ALBUM REVIEW ALBUM NAME: 2 KINGS ARTISTES: OLAMIDE AND PHYNO FEATURED ARTISTES: LIL KESH, WIZKID, STOMREX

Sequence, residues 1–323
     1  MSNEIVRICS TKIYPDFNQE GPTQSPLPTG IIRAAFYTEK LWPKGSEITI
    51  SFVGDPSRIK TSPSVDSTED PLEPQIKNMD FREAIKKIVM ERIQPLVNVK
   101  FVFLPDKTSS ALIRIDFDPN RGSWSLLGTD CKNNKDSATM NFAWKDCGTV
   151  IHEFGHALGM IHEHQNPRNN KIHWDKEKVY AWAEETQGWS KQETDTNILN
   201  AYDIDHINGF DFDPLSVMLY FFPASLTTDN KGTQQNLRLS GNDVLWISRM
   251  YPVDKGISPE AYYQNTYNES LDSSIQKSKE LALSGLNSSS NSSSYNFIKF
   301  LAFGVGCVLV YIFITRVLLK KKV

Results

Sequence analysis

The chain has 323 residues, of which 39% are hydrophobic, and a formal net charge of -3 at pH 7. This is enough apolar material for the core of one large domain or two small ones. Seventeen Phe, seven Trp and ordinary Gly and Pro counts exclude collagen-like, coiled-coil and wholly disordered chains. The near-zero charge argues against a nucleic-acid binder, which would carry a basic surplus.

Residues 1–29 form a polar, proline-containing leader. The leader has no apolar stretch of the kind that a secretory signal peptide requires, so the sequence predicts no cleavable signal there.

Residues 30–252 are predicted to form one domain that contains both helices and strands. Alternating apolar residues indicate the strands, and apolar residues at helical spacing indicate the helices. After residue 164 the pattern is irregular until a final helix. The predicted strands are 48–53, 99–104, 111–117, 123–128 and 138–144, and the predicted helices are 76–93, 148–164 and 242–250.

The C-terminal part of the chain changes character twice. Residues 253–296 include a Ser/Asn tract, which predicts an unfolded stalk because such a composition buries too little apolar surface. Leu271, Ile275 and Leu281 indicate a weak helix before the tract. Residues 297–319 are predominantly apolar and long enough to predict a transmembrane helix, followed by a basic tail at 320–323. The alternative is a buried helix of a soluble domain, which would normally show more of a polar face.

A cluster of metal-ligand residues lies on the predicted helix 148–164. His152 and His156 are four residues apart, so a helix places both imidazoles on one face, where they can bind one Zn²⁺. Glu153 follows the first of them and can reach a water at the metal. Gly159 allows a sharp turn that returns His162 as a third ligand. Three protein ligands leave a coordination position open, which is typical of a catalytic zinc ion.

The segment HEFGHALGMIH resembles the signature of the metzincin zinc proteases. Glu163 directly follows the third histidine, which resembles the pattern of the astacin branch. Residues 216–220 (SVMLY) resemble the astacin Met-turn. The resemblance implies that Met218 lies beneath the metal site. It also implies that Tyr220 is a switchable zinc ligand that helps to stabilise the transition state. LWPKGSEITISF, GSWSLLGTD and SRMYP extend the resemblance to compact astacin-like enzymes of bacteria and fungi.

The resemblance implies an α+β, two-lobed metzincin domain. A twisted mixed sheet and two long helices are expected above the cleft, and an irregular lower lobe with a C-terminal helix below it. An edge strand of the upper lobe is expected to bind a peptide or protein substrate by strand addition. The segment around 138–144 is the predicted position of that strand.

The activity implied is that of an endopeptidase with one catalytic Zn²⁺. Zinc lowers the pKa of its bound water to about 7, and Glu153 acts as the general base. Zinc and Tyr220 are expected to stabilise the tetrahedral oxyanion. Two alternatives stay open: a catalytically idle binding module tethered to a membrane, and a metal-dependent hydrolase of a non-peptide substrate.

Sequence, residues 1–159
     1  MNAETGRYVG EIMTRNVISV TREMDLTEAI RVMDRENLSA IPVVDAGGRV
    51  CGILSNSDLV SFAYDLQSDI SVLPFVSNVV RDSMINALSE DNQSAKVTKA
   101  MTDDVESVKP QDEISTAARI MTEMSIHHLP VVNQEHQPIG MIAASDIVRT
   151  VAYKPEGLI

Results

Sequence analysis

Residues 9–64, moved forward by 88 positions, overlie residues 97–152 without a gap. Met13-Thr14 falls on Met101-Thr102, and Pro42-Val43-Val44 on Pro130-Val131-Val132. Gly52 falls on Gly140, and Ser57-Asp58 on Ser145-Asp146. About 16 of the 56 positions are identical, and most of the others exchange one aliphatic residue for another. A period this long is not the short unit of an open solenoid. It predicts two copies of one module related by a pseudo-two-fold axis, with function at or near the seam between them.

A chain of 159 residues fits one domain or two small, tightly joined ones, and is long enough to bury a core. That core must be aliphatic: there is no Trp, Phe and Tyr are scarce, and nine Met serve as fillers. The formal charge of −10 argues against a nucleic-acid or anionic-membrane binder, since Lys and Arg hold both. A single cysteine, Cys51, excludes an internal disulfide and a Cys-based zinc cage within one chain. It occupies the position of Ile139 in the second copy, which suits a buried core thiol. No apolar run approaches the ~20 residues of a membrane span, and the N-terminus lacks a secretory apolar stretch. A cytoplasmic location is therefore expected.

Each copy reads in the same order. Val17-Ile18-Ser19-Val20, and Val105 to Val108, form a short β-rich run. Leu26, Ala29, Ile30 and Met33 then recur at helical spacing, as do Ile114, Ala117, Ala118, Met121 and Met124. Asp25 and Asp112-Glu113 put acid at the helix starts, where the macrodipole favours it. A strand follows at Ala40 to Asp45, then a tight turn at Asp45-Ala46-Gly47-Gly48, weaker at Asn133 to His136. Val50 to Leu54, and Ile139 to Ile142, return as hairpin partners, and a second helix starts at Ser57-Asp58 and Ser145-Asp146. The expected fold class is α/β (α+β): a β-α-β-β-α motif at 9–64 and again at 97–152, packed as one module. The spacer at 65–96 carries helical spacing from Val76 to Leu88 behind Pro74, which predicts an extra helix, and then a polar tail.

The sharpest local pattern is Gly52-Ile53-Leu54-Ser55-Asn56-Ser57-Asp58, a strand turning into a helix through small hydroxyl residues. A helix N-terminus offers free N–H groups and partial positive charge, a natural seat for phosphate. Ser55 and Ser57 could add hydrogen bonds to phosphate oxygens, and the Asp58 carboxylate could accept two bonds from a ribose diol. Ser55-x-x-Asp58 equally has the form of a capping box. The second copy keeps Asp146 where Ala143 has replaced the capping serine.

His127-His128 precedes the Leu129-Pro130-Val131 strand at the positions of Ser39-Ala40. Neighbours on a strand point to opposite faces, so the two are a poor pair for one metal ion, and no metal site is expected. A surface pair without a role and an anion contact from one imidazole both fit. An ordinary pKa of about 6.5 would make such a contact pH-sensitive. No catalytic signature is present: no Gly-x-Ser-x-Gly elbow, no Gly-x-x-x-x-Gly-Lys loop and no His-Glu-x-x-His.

LABEL: YBNL/PENTHAUZ It has never been done before: the fusion of 2 of the most spoken languages in Nigeria, the versatility of 2 of the most talented rappers in Nigeria, the lyrical dexterity of 2 of the most gifted rappers in Nigeria, master class instrumentals and premium production unified into one chef-d’oeuvre aptly titled “2 kings” The divide between eastern and western indigenous hip-hop was solidly bridged with this album, and at this stage of our hip-hop, this is the biggest collaborative album we have seen so far, and for a couple of years, it might remain on top, except we see more top rappers collaborate on a project. This album is legendary, innovative and in the future when more of these are done, this album, and these artistes will be pointed out as the forerunners. As far as album intros go, “Cypher” is a good way to begin this classic, with Phyno and Olamide taking turns to lace this B-Banks beat, with hot bars in their different languages. The cypher styled song sets the tone for the album with both rappers appearing to cancel each other out all through the song, and the album in general. With “Koba-Koba” Olamide and Phyno deliver a “drake” styled song, and they do a good job on this beat, but I believe the song would have been better if Phyno had more time on it, but not withstanding, both rappers impress on this as always. On “Nobody’s Fault” they both speak their mind on this beat, expertly produced by Pheelz, a highly talented hip hop producer, and the sounds on this record prove that in years to come, this young producer will be up there among the greats. Maybe it’s just me, but did Olamide and Phyno reply A-Q’s diss? Well, listen and tell me your thoughts. “Ladi” changes the tune of the album, courtesy of a Young John instrumental, and Olamide’s protégé, Lil Kesh. With Kesh impressing as always, Phyno and Olamide display their stuff on it, to deliver a hit. Trust me, this song will enjoy massive airplay on radios, and DJs are bound to slam this song in clubs over and over again. Major Bangz is one producer who you can’t help but admire his skill set when it comes to cooking a hip hop beat, and this has to be one of the best beats on this album, before Pheelz’s Nobody’s Fault. Phyno pulls out all the stops, proving he is definitely one of the best rappers in the country, and Olamide compliments his efforts and together they deliver “God Be With Us” and this is readily on of the standout songs on the album. On “Une”, Phyno goes all alone on another Major Bangz instrumental, and as we have come to expect from Phyno, he doesn’t fail to impress, giving us top class delivery. On “Real Nigga”, Olamide wades into unfamiliar waters, dropping his bars on a raga dance hall beat, master minded by Pheelz. With Phyno bossing on this genre already, their versatility is stamped as simply outstanding, exploring into different genres with their already unique styles, and coming out on top. Wizkid graces the album on “Confam Ni” and ever since Olamide and Wizkid collaborated years ago, anytime they work on a project, its magic, and it’s the same case here. With Young John on beast on mode on the beat, they deliver a confam song that you won’t help but nod your head to. Featuring Stomrex on “Carry Me Go”, they whip up a different kind of song, with Phyno and Olamide trying their best to show their softer and emotional sides. Stormrex must be commended for shining on this track, and this girl is supposed to be bigger than this, I hope her current management realizes this. Closing the album on an inspirational note, Phyno and Olamide reveal why they do it for their city in “For My City”. They successfully drop another street hustler’s anthem, and many a hustler from the streets of Bariga to the MARKETS in onitsha will be inspired by this song. Sometimes, you don’t need 17 or 18 tracks to make a good and quality album, and this is the case here. The number of tracks on the album anymore would have made the album unnecessarily long and boring. The production and instrumentals compliment the rappers on the album, and the number of features would have been more I would have loved to see Reminisce and maybe Ill Bliss make appearances, but that does not take anything away from this classic masterpiece. We listeners may be tempted to compare both rappers, in terms of whose better, but in the entirety of this album, both rappers go toe to toe with each other. That debate should be left for another day or another album. Phyno and Olamide deliver what is akin to royalty, and they both deserve the crowns on their heads on the album art. After listening to this album, it gives me hope for the future, because Nigerian artistes will now collaborate with each other on albums and this will make our hip-hop stronger than ever.